Christmas is about family, gifts, and spirituality. It’s also about crushing a giant plate of juicy turkey with hot gravy.
Yes, most people let loose during Christmas, indulging in high-fat food. That’s fun and satisfying, but you can still control that weight gain with a healthy dessert.
Since cookies are one of the main Christmas desserts, I decided to teach you how to make Christmas cookies healthier. To cover all grounds, I explore different recipes with different ingredients and preparations.
Let’s get to it!
As most people have watched Shrek 2, the gingerbread man is probably the most famous Christmas cookie recipe on this list. I still get emotional every time I have to eat that delicious character who died to unite two lovers.
Anyway, despite looking complex, the recipe is pretty straightforward.
- ¾ cup whole grain flour
- ⅔ cup hazelnuts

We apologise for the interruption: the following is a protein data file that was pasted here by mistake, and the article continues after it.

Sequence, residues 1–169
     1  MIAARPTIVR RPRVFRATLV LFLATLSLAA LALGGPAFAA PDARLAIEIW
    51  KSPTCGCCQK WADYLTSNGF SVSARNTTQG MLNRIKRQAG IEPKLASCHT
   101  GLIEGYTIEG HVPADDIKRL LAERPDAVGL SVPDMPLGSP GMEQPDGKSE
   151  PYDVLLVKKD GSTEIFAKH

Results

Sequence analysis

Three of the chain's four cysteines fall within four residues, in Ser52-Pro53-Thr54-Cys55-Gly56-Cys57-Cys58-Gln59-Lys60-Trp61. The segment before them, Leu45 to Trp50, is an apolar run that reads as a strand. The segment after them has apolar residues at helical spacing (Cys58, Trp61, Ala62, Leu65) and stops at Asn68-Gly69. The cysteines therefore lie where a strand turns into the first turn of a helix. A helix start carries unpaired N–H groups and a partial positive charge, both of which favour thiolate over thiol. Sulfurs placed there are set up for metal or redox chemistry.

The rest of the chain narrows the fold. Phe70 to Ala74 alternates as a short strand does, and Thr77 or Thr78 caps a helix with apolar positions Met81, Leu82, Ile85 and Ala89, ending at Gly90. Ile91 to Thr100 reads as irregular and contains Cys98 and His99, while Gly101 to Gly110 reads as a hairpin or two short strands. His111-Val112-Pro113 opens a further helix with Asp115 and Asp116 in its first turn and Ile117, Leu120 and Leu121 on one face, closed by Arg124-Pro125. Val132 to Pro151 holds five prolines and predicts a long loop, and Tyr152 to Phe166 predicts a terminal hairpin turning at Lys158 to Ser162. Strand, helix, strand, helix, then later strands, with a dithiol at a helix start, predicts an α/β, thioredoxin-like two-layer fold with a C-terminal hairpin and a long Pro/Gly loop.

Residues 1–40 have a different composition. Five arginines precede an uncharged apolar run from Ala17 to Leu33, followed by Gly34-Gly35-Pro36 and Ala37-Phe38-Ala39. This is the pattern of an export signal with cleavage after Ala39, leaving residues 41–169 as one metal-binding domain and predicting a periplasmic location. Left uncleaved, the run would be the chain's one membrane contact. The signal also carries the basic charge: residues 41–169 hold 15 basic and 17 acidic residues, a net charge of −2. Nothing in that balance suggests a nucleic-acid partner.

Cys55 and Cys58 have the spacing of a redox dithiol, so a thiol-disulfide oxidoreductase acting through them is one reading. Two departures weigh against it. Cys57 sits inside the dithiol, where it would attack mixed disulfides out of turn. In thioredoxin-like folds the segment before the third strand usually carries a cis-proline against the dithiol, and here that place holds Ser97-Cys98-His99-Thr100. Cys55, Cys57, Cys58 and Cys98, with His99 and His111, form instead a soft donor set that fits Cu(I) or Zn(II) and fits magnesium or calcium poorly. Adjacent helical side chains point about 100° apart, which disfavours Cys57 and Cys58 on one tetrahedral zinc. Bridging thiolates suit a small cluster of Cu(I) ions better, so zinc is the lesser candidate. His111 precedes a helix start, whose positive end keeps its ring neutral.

- 6 tbsp coconut sugar
- 5 ½ tbsp hazelnut butter
- 3 ½ tbsp almond milk
First, you need to crush your hazelnuts. Put them in a food processor along with the flour, and grind them until they become powdery.
Don’t worry if you still have a few chunks. They’ll add a nice crispy texture. You don’t have to mix the flour and hazelnuts together, but I’ve come to realize it helps the nuts reach a finer consistency.
Now add the rest of the ingredients: The butter, sugar, and milk. Mix them together until they form a dough. It might be a bit crumbly, but that’s fine.
Take it out of the processor and put it in a new bowl. Cover the dough with a towel and let it rest in the fridge for 15 minutes.
Preheat the oven to 320℉ (160℃). Take the dough out of the fridge and cut it into two parts so it’s easier to work with.
Roll both parts until they become ½ inch thick. I recommend doing it on parchment paper so they don’t stick to the surface you’re working on.
Now it’s time for the artistic part.
Use a cookie cutter to make a stick figure shape. If you use a 2.9-inch cookie cutter, you should be able to cut 30-32 cookies.
Put the cookies on a lined baking sheet and bake them for 9-11 minutes. Et voila!
So you’re not a gingerbread man. Maybe you didn’t even like Shrek 2. I understand it’s not for everybody. In that case, I bring you a classic chocolate chip recipe with a few twists.
Not only is it simple, but it’s also flourless and gluten-free. Let’s get right to it!